National Poetry Month 2017, Week Two: “Dark Harbour” by Alison Hawthorne Deming
April 14, 2017
For several years our friend, the poet Alison Hawthorne Deming, told us about Grand Manan Island off the coast of New Brunswick, Canada. Alison is a long-time summer resident on Grand Manan.
We finally made it up there last summer – and were we glad we did.
To say the island is a special place is a bit of a cliché and certainly doesn’t do the island justice. But then, when is a cliché not mostly true?
Remote and fairly difficult to get to from New York – you drive to the edge of Maine and keep going — Grand Manan sits on the western end of the mouth of the Bay of Fundy and was formed by colliding plates. You can see the fault line where Triassic and Cambrian rock meets.
Here time is marked by arriving and departing ferries, dramatic in-coming and out-going tides, and when the herring is running. The landscape is rugged basalt and a dense forest of birch and conifers, with pockets of wetlands, marshes, and rocky cliffs all formed and deformed by the sea, salt spray, and wind.
One evening before sunset, Alison took us over the top of the island to the other side, to Dark Harbour, a place that seemed somewhat stuck in time. I felt a bit like an intruder, although the place was oddly familiar as well, surrounded by encroaching darkness. There are rumors of pirates or a pirate curse in Dark Harbour.
Dark Harbour is also the dulse capital of the world. Dulse is an edible seaweed harvested by hand at low tide and dried in the sun outside during the summer months. Grand Mananers love their dulse, which seems a healthy substitute for chewing tobacco or potato chips. Dulsers are a special breed, as this video from Great Big Story attests: http://www.greatbigstory.com/stories/dulser-dark-harbor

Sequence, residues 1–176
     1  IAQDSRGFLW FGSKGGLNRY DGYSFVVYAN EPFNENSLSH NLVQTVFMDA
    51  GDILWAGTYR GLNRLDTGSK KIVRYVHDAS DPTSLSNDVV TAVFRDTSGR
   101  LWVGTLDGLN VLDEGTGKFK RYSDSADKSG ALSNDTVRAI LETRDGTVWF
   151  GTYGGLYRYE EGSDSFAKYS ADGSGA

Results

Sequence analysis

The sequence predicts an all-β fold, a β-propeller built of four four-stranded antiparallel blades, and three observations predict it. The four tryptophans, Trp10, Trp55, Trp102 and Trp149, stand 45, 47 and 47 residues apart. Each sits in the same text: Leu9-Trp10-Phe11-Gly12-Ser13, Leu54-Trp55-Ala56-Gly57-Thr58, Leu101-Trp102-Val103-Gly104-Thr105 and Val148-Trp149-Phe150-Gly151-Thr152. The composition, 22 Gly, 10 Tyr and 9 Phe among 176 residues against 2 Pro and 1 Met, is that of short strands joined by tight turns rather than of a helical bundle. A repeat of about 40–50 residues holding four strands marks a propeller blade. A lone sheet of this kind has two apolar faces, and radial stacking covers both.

Several poems in Alison’s new book of poems, STAIRWAY TO HEAVEN, feature the people and landscape of Grand Manan. There are echoes in these poems of another Canadian Maritime setting by another poet from New England with Maritime ties, something about the cold and crystal clear water, a quiet observation and an older way of life, the dark forest and the sea.
We’re going back this summer.
Here is Alison Hawthorne Deming’s poem, “Dark Harbour”:
Dulse camps teeter on cobbled basalt
where storms have heaped a seawall
topped with tumult of silvered
wharf timbers and weir stakes
enough driftwood scrap to salvage for a shack
paint the battered door dusty blue.
A rusty slatted bed kerosene pooled
in a glass-chimney lamp waiting for a match
dirty teapot on the camp stove
it’s home for a night or two
when tides are right for gathering.
Stone slips wait gray and smooth from wear
where yellow dories are winched and
skidded to motor offshore headed
for the dulsing ground. A man
who works the intertidal shore
says I can smell the tide coming in.
I raise my face to the wind to try to catch
what he knows. Cold and crystal clear
the water laps the rocks and rattles them
as it recedes. The man pulls fistful
of purple weed off tide-bare rocks
a gentle rip sounding with each pull
the ribbons gathered in his basket
dark as iodine deep as hay scythed
and piled in ricks harvest picked by hand
gathered from the transmutation of light
that sways at high tide like hair in the wind
and lies still for combing when the tide recedes
cropland where sea and rock do the tillage.
–Alison Hawthorne Deming
c) 2016 Alison Hawthorne Deming. Used by permission of the author.